Google and Indian start-ups debate in-app charges

Google and Indian start-ups debate in-app charges

An ongoing dispute between Google and Indian start-ups over charges in its Android and Play Store app ecosystem seems to have escalated in the past few days.

Last Friday Google apparently sent notices of Play Store violations to a number of apps – and then removed from its app store about 100 apps from ten companies in India, including some matrimony apps popular with young people.

The dispute seems to have been triggered by service fee payments – or non-payments. Some Indian start-ups want Google to stop imposing a fee of 11% to 26% on in-app payments, after the country's antitrust authorities ordered it to halt an earlier system of charging 15% to 30%.

Phones using the Android platform are widely used, giving Google a dominant position in the market. However, only 3% of the more than 200,000 Indian developers who use the Google Play platform are required to pay any service fee, Google claims.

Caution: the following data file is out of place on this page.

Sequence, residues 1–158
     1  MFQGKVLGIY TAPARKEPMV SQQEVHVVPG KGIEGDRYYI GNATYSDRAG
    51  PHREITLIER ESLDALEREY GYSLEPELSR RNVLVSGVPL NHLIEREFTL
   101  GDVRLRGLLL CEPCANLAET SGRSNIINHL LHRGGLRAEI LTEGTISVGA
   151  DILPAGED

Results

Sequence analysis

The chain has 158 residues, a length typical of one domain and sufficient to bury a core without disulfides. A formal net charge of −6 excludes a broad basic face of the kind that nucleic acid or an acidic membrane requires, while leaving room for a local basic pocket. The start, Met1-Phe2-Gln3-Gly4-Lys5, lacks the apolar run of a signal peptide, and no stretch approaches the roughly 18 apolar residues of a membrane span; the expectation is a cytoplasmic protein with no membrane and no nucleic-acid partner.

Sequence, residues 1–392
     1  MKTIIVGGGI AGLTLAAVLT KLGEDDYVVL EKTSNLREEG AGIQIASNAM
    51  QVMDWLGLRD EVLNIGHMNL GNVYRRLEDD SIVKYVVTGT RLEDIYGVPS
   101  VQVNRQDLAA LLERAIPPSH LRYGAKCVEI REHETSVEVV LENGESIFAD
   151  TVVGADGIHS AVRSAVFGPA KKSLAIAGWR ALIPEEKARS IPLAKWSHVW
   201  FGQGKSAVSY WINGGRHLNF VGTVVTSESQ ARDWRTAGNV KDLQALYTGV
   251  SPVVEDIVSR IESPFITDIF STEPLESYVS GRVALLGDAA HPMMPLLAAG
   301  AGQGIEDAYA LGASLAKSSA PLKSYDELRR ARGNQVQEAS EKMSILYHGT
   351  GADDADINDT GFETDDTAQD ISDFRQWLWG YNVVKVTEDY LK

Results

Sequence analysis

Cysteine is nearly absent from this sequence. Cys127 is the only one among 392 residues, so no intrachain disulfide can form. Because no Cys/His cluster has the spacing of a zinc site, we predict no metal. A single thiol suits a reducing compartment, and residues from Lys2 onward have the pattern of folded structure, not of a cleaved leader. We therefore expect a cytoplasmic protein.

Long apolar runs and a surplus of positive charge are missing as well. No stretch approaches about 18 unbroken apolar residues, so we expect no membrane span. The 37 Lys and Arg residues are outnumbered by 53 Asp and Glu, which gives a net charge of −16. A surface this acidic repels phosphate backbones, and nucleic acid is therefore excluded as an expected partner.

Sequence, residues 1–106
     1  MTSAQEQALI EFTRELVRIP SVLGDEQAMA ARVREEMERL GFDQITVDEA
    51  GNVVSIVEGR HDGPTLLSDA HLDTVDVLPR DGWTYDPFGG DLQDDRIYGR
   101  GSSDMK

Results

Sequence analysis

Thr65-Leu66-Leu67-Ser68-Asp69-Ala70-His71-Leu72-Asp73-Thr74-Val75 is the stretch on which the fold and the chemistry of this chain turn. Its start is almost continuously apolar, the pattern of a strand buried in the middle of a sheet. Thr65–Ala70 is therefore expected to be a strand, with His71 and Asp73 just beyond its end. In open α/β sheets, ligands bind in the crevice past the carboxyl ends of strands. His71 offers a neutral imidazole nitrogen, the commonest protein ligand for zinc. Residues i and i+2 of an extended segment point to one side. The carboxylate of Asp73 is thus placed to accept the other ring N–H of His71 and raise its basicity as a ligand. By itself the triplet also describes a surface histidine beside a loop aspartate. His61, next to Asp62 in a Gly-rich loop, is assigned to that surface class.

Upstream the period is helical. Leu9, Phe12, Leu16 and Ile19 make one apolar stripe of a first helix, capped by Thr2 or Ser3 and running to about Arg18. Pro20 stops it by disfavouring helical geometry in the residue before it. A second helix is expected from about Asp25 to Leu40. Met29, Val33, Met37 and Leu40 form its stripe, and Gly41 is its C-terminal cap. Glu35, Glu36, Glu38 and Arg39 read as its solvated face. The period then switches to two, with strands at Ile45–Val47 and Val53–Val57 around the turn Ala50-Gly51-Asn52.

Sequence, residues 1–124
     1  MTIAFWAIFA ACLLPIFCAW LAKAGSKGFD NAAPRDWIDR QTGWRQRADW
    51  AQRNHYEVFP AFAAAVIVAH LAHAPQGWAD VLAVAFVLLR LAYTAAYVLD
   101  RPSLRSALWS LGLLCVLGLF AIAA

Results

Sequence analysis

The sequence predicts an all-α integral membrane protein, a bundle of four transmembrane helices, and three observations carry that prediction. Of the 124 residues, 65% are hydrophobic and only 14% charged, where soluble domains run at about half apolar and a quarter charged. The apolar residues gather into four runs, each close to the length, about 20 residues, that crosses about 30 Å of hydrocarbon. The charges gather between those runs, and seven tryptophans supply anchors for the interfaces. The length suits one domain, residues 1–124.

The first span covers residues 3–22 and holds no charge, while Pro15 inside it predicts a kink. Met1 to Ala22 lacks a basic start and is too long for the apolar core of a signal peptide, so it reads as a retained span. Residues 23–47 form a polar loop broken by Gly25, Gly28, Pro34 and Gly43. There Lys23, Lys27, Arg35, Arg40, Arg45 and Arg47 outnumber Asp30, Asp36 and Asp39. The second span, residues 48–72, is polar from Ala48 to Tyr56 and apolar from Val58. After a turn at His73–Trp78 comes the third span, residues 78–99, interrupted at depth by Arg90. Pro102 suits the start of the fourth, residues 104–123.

In any case recent court decisions have permitted Google to charge a fee or remove non-paying apps. According to India’s Economic Times news service, Google said in a blog post that ten Indian companies had chosen for an extended period of time not to pay for the "immense value they receive on Google Play".

Then government officials got involved. Information Technology Minister Ashwini Vaishnaw said on Saturday that Google's decision to remove some apps in India from its app store "cannot be permitted". After this, the Alliance of Digital India Foundation (ADIF), a group representing Indian start-ups, asked the Competition Commission of India (CCI) to order Google to reinstate apps it removed for policy violations.

Government ministers on Monday apparently held multiple meetings with Google and start-ups on this issue without resolving it.

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